Rosacea is a common but poorly understood long-term (chronic) skin condition that mainly affects the face. Symptoms begin with episodes of flushing (when the skin turns red).
What is the symptoms of Rosacea?
- Burning and stinging sensations
- Redness that is permanent
- Small blood vessels in the skin that are visible
- Thick and enlarged skin usually around the nose(in severe cases)
What triggers Rosacea?
While the exact cause of rosacea is unknown, there are several triggers that have been identified that could make the condition worse which include the following below
- Sunlight exposure
- Cold weather (wind)
- Certain medications, such as vasodilator drugs
- Hot drinks
- Spicy foods
There is no cure for rosacea, but treatments are available to control symptoms.
Rosacea is a chronic and relapsing condition, which means there are periods when symptoms are particularly bad, followed by periods when the condition is less severe.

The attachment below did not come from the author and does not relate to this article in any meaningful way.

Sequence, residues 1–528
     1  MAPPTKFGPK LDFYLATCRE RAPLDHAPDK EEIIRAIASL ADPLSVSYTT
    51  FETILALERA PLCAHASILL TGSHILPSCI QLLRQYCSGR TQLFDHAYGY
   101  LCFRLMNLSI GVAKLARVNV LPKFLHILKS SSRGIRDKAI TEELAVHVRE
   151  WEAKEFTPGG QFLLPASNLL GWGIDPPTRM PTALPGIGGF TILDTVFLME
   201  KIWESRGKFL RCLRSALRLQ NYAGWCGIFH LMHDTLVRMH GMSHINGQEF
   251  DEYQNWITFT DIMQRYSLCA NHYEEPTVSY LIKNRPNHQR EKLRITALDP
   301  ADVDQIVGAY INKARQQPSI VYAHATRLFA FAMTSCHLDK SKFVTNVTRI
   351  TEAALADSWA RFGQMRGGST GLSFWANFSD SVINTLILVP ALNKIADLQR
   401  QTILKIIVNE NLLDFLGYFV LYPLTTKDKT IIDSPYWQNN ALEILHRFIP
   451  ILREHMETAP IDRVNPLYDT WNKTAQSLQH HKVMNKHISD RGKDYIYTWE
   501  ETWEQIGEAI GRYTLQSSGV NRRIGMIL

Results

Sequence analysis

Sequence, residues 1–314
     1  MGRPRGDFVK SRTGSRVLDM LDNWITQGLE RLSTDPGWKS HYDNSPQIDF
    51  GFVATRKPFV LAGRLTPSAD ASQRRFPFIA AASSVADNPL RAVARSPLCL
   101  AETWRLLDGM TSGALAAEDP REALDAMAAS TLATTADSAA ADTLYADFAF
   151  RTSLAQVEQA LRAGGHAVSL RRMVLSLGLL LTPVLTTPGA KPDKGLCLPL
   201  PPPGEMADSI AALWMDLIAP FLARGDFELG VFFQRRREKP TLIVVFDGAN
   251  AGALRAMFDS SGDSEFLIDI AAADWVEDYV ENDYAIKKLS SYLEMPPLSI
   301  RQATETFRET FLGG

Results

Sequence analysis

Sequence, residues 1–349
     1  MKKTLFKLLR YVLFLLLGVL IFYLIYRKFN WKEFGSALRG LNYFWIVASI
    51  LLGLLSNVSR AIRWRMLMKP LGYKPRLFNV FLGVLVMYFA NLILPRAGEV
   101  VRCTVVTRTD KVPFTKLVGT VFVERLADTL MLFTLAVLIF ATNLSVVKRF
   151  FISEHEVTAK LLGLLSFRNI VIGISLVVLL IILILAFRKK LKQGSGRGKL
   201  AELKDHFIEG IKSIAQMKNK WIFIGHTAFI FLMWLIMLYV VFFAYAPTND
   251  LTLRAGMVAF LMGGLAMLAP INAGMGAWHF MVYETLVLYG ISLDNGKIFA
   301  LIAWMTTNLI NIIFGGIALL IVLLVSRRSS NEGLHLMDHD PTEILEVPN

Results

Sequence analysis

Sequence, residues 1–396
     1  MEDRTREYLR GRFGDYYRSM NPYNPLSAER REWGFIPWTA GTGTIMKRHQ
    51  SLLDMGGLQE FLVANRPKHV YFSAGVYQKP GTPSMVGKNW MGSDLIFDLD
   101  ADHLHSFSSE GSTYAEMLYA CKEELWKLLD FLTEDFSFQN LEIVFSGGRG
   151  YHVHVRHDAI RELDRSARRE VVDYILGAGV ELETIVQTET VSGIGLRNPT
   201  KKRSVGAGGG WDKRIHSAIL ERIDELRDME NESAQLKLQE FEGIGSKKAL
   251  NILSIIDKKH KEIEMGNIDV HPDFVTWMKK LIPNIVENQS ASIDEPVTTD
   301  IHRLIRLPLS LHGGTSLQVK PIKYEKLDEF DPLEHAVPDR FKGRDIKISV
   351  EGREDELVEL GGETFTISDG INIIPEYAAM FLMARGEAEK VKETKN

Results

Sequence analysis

As well as avoiding known triggers, certain medicines can help control flare ups.
As rosacea can affect your appearance, some people find they experience feelings of low self-esteem or frustration. You should speak to your GP if you are feeling depressed.
Who is affected?
Rosacea appears to be quite common, and is estimated to affect up to one in 10 people. It most commonly affects people with fair skin, but can also occur in people of Asian and African origin.
Rosacea occurs in both men and women and may occur at any age. However, it typically begins after the age of 30. Middle-aged women are more at risk due to hot flushes caused by the menopause.